From IJPC’s beginnings, as an idea at the swimming pool, to its home at the Peaslee Neighborhood Center, the organization has evolved and grown to reflect current issues of social justice and peace in the local, state, national and international realm.
On a humid Cincinnati summer day, Joyce Hoban, SNDdeN, and Louise Akers, SC, met at the swimming pool of Mount St. Joseph Motherhouse and shared their ideas and dreams as congregations of women religious who would collaborate in justice and peace work.
Joined by other congregations, representatives of the founding sponsors (Sister of Charity, Sisters of Mercy, Sisters of Notre Dame de Namur, Sisters of St. Francis, Oldenburg, and the Sisters of St. Joseph of Medaille) vowed to collaborate and combine their skills and resources to pray, study, and act in areas of extreme social justice needs. These areas have changed and evolved, dependent on community needs, from sanctuary for Central American refugees, to racial equality, to economic justice, to the environment, and more. Louise Akers, SC, served as IJPC’s first Coordinator.
In December of 1987 IJPC moved to St. Francis Seraph School and in 1990 to Peaslee Neighborhood Center.
As the issues shaped and shifted, the structure did likewise to provide more capacity. Additional organizational sponsors joined. In 1991, IJPC was incorporated and in 1992 was certified as a 501(c) (3) tax exempt educational organization. IJPC found a home and a sense of permanence. In 1992, Alice Gerdeman, CDP, began as the subsequent IJPC Coordinator.
As a response to executions in Kentucky and Ohio becoming a probability, and then a reality, IJPC began a committee to oppose the death penalty. The committee became a local chapter of Ohioans to Stop Executions and was a presence at every execution. Through the creation of Families That Matter, with representatives of families who have or had members on death row, and Murder Victims’ Families for Reconciliation, the committee was steadfast in efforts to educate and advocate around the death penalty.
The Northern Kentucky Justice and Peace Committee found a home within IJPC for those seeking to place more emphasis on Kentucky concerns. This committee has been meeting and planning programs since.
IJPC held its first public peace dialogue using a process developed by staff and volunteers. Dialogues covered timely and divisive issues such as the Iraq and Afghanistan wars.
YES (Youth Educating Society) formed, bringing immigrant young adults and their allies together to develop leadership skills and work toward comprehensive immigration reform legislation.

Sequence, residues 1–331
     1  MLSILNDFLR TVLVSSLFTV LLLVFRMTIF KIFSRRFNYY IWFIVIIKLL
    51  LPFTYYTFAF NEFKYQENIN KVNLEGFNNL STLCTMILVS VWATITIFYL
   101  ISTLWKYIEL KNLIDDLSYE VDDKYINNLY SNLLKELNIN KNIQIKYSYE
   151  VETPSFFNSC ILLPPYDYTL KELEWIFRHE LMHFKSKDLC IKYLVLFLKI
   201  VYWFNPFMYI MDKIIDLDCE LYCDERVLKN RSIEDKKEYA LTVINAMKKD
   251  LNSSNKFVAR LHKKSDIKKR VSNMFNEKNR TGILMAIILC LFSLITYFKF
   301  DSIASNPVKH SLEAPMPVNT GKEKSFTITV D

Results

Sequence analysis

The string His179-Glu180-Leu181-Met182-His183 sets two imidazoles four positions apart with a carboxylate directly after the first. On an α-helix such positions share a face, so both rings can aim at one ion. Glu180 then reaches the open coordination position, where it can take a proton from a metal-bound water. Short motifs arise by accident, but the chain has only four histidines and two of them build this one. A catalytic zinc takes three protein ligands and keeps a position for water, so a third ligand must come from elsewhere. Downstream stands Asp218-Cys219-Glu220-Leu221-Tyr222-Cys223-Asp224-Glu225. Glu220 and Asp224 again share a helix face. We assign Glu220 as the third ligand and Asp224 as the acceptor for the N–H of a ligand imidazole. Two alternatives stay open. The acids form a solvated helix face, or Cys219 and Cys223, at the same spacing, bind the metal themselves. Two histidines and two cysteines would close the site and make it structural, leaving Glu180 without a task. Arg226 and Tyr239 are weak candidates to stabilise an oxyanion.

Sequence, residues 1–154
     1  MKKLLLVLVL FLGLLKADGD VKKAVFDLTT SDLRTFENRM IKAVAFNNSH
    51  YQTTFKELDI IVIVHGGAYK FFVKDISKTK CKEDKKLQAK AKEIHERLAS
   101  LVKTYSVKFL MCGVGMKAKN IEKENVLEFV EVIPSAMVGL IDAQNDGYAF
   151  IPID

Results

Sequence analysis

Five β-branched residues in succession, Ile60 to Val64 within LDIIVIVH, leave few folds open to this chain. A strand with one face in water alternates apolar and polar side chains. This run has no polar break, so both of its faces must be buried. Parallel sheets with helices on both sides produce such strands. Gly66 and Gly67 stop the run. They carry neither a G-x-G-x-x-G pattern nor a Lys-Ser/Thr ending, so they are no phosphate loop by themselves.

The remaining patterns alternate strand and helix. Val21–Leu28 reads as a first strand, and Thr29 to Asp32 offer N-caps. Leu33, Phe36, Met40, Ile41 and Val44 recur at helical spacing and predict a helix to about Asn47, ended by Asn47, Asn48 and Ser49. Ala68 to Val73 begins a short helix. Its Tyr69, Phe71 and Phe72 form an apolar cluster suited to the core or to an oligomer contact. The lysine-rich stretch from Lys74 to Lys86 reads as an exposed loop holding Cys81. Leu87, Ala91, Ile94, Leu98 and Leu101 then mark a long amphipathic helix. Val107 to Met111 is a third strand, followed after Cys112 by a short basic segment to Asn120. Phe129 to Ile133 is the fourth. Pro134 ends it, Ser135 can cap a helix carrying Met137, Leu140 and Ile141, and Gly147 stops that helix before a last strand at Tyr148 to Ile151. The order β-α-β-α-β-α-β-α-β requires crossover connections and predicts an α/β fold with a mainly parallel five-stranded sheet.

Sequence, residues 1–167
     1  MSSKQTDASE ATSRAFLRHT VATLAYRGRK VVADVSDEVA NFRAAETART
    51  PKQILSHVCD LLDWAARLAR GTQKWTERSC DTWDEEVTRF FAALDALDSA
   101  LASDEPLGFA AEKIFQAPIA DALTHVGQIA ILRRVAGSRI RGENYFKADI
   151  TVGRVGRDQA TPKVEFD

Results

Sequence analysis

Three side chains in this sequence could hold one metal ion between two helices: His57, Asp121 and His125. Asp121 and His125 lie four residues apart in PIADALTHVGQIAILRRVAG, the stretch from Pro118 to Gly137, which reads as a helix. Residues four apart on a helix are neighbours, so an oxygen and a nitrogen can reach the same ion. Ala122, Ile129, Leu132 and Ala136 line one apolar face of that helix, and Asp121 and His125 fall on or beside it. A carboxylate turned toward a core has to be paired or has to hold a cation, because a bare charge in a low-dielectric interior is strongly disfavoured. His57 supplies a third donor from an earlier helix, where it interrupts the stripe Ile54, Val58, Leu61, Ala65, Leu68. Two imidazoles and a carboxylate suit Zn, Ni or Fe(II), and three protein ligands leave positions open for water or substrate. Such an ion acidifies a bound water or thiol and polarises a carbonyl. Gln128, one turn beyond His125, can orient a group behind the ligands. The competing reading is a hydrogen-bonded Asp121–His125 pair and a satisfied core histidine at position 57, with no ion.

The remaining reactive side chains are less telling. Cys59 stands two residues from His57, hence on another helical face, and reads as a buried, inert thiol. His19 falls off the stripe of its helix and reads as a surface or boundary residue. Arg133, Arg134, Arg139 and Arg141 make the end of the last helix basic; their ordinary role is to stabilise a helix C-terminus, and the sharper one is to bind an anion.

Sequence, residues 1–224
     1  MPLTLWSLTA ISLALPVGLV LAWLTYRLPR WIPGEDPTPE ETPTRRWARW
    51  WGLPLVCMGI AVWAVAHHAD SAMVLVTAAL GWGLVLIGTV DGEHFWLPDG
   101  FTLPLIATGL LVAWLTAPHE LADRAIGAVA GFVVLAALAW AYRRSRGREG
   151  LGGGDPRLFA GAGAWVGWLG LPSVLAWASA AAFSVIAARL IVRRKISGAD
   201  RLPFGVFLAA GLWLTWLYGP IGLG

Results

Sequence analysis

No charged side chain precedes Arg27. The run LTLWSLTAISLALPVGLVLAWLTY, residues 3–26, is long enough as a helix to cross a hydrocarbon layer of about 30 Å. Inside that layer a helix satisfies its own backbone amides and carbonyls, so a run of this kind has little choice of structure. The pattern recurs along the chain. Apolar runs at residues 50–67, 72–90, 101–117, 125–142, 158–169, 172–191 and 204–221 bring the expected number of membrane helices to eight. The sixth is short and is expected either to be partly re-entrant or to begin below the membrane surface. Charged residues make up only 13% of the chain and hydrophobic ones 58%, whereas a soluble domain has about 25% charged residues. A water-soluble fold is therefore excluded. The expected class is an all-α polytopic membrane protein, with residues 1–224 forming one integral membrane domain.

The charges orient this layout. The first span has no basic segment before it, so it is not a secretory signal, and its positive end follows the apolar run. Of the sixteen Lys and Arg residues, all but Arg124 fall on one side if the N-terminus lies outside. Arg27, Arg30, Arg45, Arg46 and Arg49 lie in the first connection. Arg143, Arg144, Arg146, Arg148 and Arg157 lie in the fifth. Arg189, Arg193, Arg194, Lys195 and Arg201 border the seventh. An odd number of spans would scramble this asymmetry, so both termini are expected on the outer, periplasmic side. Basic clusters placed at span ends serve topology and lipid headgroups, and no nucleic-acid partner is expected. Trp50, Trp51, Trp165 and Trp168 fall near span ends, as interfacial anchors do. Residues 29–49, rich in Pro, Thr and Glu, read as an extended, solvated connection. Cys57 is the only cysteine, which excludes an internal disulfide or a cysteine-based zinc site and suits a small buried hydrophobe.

IJPC’s Coordinator, Sr. Alice Gerdeman, and the Families That Matter program were featured in the November 2011 issue of Cincinnati Magazine.
A series of stakeholder studies and advisory forums were held inviting donors, sponsor groups, community members, volunteers, and former staff to look at IJPC’s history and determine its future. Allison Reynolds-Berry began as IJPC’s Executive Director.
In September of 2015, IJPC celebrated its 30th Anniversary bringing together present and former volunteers, staff, donors and community partners.
Our 30th Anniversary video, created by IJPC interns Brian Igel and Eleanor Gaston, helps tell the story of IJPC.
IJPC convened the Immigrant Dignity Coalition, with 28 organizational members who stand united in opposition to unjust deportations and to anti-immigrant harassment of all kinds.
Launched the NonViolence Alliance of Greater Cincinnati (NVA) to imagine, practice, and promote a Nonviolent Greater Cincinnati by working toward solidarity with individuals and organizations to dismantle structures of violence.
IJPC’s Rethinking Racism initiative published a Race and Racism in Cincinnati Toolkit with a hyperlocal focus on the history, legal aspects, and resilient communities of color. Building our focus on racial equity, IJPC launched Race and Racism in Cincinnati Bus Tour in 2019.
NASW (National Association of Social Workers) recognized IJPC as Agency of the Year for the state of Ohio. And, represented by ABLE, IJPC won a class action lawsuit against the Ohio BMV for discriminating against 16- and 17-year old children of undocumented parents. All eligible teens in Ohio can now apply for a permit, drivers’ license, or state ID.
We commemorated our 35-year history by highlighting 35 stories using artifacts from the office that give a glimpse of some of the critical and inspiring work done over the years. View our 35 Years of IJPC project here.
IJPC began a 3 year strategic plan to reevaluate the programs and issues of concern.
Through frameworks of nonviolence and anti-racism, IJPC works on issues of criminal justice and immigration justice.